Got a couple of particularly nasty points at the acupuncturist today. II/III entry/exit block, for those of you keeping scorecards. There's pretty much no way to get those treated without it hurting. A lot. Thank God he treated them, though; I feel so much better now—and that has nothing to do with "better now that the needles are out."
But life is worth living, now. Life is live-able, now. Are any of the neurological nasties fixed by these treatments? Legs working better? Other surprise malfunctions, functioning? No. But life is worth living. I'll take that, any day.
A brief interlude; a small but ugly toe infection, antibiotics were prescribed. An antibiotic that I've had before—and one with no side effects. How often does that happen? A small gift. But I'll receive it, gladly.
Spent some time with a beloved and trusted spiritual adviser. He asked me about a few things I had said were annoying me in my relationship with other people, and his response to each one of them was, "Yup. That's you. That's all you." Nothing about who was right and who was wrong—as if there is an absolute right and wrong in the way I'm relating to the world—except that choosing to relate to the world the way I am is not morally wrong, but "why are you causing yourself so much grief" wrong. He used a lot of technical terms in his analysis (omitted for brevity, they wouldn't make sense to anyone not in this spiritual practice anyway), but I gotta admit... he was right.
And the bottom line: You want this stuff to stop? You need the spiritual practice. If you really want these things you know are karking out your life to stop... practice.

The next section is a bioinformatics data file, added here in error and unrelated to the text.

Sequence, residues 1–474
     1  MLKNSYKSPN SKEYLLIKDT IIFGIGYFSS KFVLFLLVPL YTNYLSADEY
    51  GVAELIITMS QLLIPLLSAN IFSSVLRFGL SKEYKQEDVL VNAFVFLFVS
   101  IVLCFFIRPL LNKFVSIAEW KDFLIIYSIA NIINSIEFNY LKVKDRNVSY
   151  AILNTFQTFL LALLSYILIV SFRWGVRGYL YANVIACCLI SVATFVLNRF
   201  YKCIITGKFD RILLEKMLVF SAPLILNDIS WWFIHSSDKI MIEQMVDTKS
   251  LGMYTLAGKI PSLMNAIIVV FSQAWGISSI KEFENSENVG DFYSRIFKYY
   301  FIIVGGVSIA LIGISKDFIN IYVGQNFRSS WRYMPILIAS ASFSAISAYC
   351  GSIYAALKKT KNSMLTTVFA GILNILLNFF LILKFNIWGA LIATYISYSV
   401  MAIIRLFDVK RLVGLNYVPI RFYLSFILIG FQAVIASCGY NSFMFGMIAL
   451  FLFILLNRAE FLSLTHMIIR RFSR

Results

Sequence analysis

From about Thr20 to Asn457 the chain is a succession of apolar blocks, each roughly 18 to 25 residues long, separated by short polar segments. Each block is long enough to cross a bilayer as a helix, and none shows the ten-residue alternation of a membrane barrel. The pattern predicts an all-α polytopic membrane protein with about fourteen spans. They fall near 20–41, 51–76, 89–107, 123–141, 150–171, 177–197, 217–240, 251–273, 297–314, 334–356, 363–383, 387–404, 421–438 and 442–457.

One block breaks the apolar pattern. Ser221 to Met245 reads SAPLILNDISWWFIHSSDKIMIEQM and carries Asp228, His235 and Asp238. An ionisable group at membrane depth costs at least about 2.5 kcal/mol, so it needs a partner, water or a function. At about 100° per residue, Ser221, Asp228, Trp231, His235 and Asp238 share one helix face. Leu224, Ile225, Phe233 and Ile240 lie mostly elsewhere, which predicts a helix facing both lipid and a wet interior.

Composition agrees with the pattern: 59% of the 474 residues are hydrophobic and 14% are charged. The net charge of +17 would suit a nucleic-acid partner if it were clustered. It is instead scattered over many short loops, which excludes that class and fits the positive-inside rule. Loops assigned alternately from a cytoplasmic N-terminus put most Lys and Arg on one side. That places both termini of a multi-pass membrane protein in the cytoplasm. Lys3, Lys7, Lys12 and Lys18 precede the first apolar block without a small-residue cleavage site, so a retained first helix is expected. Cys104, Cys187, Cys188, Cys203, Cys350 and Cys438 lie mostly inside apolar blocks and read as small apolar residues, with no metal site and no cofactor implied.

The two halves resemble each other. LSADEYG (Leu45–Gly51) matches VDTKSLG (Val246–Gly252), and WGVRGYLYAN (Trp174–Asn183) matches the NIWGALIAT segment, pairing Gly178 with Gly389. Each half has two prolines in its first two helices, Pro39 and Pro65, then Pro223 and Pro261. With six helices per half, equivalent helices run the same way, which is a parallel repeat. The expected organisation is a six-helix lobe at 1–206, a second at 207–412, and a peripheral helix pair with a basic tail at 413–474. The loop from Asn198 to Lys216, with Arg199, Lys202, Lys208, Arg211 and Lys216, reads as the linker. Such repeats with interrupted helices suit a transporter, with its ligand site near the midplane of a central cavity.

A lesson I've been unwilling to really face, most of my life. "If you really want this (whatever 'this' might be), work for it. Because if you don't work for it, you won't get it." It has always been easier dealing with this when I was working on external things... years ago, I spent uncountable hours renovating an organ, and I'd say to myself to get myself into the organ chamber, "The organ won't renovate itself."
And somehow, I find it hard to cop to " 'I' won't renovate itself."
Percussion, I loved to practice. Kyudo, I loved to practice. If you do those right, those are spiritual practice, but those roads will take a very, very long time. There are other, faster, roads, but they take a lot of work. A lot of work.
So, there we are. Multiple sclerosis forces me to deal with my unwillingness to fully commit to a powerful spiritual practice.
As a wise man once said to me, "You needed to get M.S."
Perhaps... He was right.